– Duke Jeyaraj

Have a look at this heart-rending picture from the deadliest industrial disaster to hit the South Asian nation of Bangladesh when an eight-storey building (called Rana Plaza) which housed five garment factories (that employed 4000 people) collapsed. In this chilling frozen frame we see two victims of this disaster lying covered in debris together — blood hardened on the man’s cheek like a permanent tear. Many photographers documented the April 24, 2013 tragedy, standing silent testimony to the high cost of cheap labor. As more bodies were recovered on Friday, 10 May 2013, the total number of people confirmed dead rose to 1,039, even though 2400 survivors were rescued, said Maj. Zihadul Islam, a fire service official. But Taslima Akhter, in particular, shot a heartbreaking image that put a face on the tragedy for countless viewers across the world — starting with Akhter himself. Workers continue to find bodies, many of them in decomposed state, difficult to recognize.

(From various websites)

Rewind two thousand years. The town – Jerusalem. In the country of Israel. Another tower crashes. 18 people get killed as a result. The tower had a name – the tower of Siloam. Some escape by the skin of their teeth. Narrowly. There was no newspapers then. No Times of India. No Hindustan Times. No Deccan Chronicle. By word of mouth the news reaches this man. Who? Jesus. God in flesh.

He told the crowd around him something which made their ears tingle: “Those 18 in Jerusalem the other day, the ones crushed and killed when the Tower of Siloam collapsed and fell on them, do you think they were worse sinners than all other Jerusalemites? No not at all. Unless you repent, you too will die!” (Luke 13: 3-5, The Message).

Jesus was implying that death for all of us is inevitable.

In the previous set of verses (vs. 1-2) Jesus was told about how the Roman Political ruler over the Jews in the area of Galilee named Pilate killed a few of them as they were making a sacrifice and went on to mix the blood of the dead folks in the sacrifice they offered. In the present passage, 18 people had died in an building crash accident. The implication is this: all of us would have to die – whether by assassination or by accident.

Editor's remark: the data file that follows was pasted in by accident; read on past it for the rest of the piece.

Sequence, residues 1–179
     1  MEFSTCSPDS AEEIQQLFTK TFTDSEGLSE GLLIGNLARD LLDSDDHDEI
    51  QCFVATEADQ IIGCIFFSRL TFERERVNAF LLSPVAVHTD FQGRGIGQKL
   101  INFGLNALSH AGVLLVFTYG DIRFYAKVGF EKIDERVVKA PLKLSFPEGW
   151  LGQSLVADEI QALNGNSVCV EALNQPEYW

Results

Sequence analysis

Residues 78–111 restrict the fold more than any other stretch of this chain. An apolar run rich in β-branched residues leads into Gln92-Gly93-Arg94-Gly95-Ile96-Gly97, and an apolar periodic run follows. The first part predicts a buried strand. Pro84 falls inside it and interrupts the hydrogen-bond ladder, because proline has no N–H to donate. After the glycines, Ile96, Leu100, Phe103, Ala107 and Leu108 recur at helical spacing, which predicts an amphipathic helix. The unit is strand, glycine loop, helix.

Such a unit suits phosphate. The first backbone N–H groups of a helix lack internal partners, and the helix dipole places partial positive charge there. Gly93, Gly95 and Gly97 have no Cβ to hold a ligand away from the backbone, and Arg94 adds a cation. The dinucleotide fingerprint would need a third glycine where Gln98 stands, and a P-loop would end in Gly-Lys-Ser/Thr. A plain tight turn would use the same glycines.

Jesus’ point here was this: those who escaped that particular building crash weren’t more righteous than those who died during it. Jesus’ message was this: all the survivors had to check there was sin in their lives and then repent from it, if there was. Jesus’ warning was this: if there was no sincere penitence there would be sure punishment. The punishment that Jesus referred to here was the punishment of perishing. “Perish” was a Bible word for an everlasting life in ever-burning hell.

Jesus is patient towards you that he does not want you to perish (in hell) but instead you would choose to take a U-turn and come to Him without wasting anymore time – that’s Peter’s point (2 Peter 3:9). Rahab, a prostitute did not “perish” because she repented (she was ready to relocate from her brothel and go with the True God believing spies who came to visit her) and believed in the True God of the Bible (see Heb 11:31). Would you also repent from sin and believe in Jesus so that you will not ‘perish’ in eternal hell?

Immediately after Jesus wrapped a message of repentance around the building crash event/the killing of Galileans event he told a story: “A man had a fig tree growing in his vineyard, and he went to look for fruit on it but did not find any. So he said to the man who took care of the vineyard, ‘For three years now I’ve been coming to look for fruit on this fig tree and haven’t found any. Cut it down! Why should it use up the soil?’ “‘Sir,’ the man replied, ‘leave it alone for one more year, and I’ll dig around it and fertilize it. If it bears fruit next year, fine! If not, then cut it down.’” (Luke 13:6-9). What did Jesus try to convey here? It is this: “If we have escaped an assassination bid or an accident, it’s not because we are more righteous than those who have perished by it. It is because I, Jesus, have been gracious to you to give you another chance. Another chance to repent. Another chance to take a U-turn and come back to me, who died for you on the Cross. But if you stay stubbornly in sin, a day is surely coming when you will be ‘cut off’ – go to hell!”

Having escaped “certain death” would you run straight to His arms, saying ‘no’ to sin? Do it now!


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